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Why Don't More Puerto Rican Men Work? The Rich Uncle (Sam) Hypothesis

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  • Maria Enchautegui
  • Richard B. Freeman

Abstract

Puerto Rico has an extraordinarily low employment rate for men. We document the low employment rate using Census of Population and labor force survey data and offer "the rich uncle (Sam) hypothesis" that the connection of the relatively poor economy of Puerto Rico to the wealthier US has created conditions that generate low employment. In support of the hypothesis, we show: 1) that GNP and GDP have diverged on the island, distorting the relationship between GDP and employment, due potentially to federal tax benefits to companies operating in Puerto Rico; 2) transfers to Puerto Rican families funded mainly by the federal government, which account for about 22 percent of personal income; 3) open borders to the U.S. that give men with high desire for work incentive to migrate to the US, and potentially creates a lower bound to wages on the island; (4) a wage structure with relatively higher earnings in low paid jobs; and (5) employment in the informal sector, which is unmeasured in official statistics. We note that other regional economies with rich "uncles", such as East Germany with West Germany, Southern Italy with Northern Italy, have comparable employment problems.

Suggested Citation

  • Maria Enchautegui & Richard B. Freeman, 2005. "Why Don't More Puerto Rican Men Work? The Rich Uncle (Sam) Hypothesis," NBER Working Papers 11751, National Bureau of Economic Research, Inc.
  • Handle: RePEc:nbr:nberwo:11751
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    References listed on IDEAS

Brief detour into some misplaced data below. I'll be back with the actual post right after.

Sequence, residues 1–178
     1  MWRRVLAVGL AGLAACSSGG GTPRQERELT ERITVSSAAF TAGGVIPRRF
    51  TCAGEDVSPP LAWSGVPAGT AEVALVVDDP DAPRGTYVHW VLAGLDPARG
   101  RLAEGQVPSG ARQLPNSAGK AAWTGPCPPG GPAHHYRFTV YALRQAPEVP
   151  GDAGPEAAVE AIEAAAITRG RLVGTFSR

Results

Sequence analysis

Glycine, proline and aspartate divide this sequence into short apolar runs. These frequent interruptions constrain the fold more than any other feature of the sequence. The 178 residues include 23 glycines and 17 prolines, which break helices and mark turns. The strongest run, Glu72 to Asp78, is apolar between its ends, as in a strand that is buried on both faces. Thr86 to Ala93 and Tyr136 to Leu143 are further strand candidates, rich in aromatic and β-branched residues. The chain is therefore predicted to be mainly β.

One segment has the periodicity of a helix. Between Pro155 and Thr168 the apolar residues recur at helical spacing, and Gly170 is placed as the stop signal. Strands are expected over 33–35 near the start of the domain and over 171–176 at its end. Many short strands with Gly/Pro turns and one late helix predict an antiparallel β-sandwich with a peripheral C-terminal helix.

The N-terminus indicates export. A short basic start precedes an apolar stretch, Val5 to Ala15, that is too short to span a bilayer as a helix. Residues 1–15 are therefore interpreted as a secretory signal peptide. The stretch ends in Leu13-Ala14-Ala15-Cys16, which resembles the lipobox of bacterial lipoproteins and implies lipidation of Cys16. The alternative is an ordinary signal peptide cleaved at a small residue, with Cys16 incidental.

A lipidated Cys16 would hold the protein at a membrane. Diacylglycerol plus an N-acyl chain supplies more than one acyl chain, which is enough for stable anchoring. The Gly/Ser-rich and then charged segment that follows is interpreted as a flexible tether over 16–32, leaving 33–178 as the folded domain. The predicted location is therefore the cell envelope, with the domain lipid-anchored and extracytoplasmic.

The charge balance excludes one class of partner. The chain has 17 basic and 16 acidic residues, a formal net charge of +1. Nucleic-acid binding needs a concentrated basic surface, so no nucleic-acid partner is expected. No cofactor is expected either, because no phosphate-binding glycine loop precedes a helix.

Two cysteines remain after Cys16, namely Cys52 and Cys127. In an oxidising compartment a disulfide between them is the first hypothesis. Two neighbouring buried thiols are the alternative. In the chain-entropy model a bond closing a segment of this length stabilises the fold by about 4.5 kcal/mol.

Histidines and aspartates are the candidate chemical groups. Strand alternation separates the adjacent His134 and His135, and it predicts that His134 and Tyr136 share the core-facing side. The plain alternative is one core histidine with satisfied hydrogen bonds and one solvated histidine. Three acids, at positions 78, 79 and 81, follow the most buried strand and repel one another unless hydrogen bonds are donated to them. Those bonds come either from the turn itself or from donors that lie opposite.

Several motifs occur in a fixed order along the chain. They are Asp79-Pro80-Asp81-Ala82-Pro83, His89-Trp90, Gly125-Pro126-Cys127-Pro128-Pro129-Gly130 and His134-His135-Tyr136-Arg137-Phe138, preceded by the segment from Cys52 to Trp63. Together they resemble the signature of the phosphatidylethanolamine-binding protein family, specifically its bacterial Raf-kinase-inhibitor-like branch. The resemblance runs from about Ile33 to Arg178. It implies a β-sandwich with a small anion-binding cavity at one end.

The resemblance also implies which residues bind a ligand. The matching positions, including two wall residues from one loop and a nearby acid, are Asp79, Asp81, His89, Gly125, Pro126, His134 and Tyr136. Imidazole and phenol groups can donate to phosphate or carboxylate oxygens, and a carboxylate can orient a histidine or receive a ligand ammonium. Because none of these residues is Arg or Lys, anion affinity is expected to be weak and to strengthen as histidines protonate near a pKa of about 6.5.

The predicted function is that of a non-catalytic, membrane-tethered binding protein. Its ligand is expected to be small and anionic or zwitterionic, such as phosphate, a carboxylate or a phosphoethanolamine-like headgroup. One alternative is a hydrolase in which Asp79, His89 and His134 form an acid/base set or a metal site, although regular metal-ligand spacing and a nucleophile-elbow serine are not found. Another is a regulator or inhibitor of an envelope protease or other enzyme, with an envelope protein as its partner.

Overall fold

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    1. John Bound & Timothy Waidmann, 1992. "Disability Transfers, Self-Reported Health, and the Labor Force Attachment of Older Men: Evidence from the Historical Record," The Quarterly Journal of Economics, Oxford University Press, vol. 107(4), pages 1393-1419.
    2. David H. Autor & Mark G. Duggan, 2003. "The Rise in the Disability Rolls and the Decline in Unemployment," The Quarterly Journal of Economics, Oxford University Press, vol. 118(1), pages 157-206.
    3. Jennifer Hunt, 2004. "Convergence and determinants of non-employment durations in Eastern and Western Germany," Journal of Population Economics, Springer;European Society for Population Economics, vol. 17(2), pages 249-266, June.
    4. Spilimbergo, Antonio, 1999. "Labor Market Integration, Unemployment, and Transfers," Review of International Economics, Wiley Blackwell, vol. 7(4), pages 641-650, November.
    5. repec:fth:prinin:330 is not listed on IDEAS
    6. Alida Castillo-Freeman & Richard B. Freeman, 1992. "When the Minimum Wage Really Bites: The Effect of the U.S.-Level Minimum on Puerto Rico," NBER Chapters,in: Immigration and the Workforce: Economic Consequences for the United States and Source Areas, pages 177-212 National Bureau of Economic Research, Inc.
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    Cited by:

    1. George J. Borjas, 2008. "Labor Outflows and Labor Inflows in Puerto Rico," Journal of Human Capital, University of Chicago Press, vol. 2(1), pages 32-68.
    2. Steven J. Davis & Luis Rivera-Batiz, 2005. "The Climate for Business Development and Employment Growth in Puerto Rico," NBER Working Papers 11679, National Bureau of Economic Research, Inc.
    3. Bustillo, Inés & Velloso, Helvia, 2015. "Puerto Rico: Fiscal and economic growth challenges," Studies and Perspectives – ECLAC Office in Washington 14, Naciones Unidas Comisión Económica para América Latina y el Caribe (CEPAL).

    More about this item

    JEL classification:

    • J4 - Labor and Demographic Economics - - Particular Labor Markets
    • J6 - Labor and Demographic Economics - - Mobility, Unemployment, Vacancies, and Immigrant Workers

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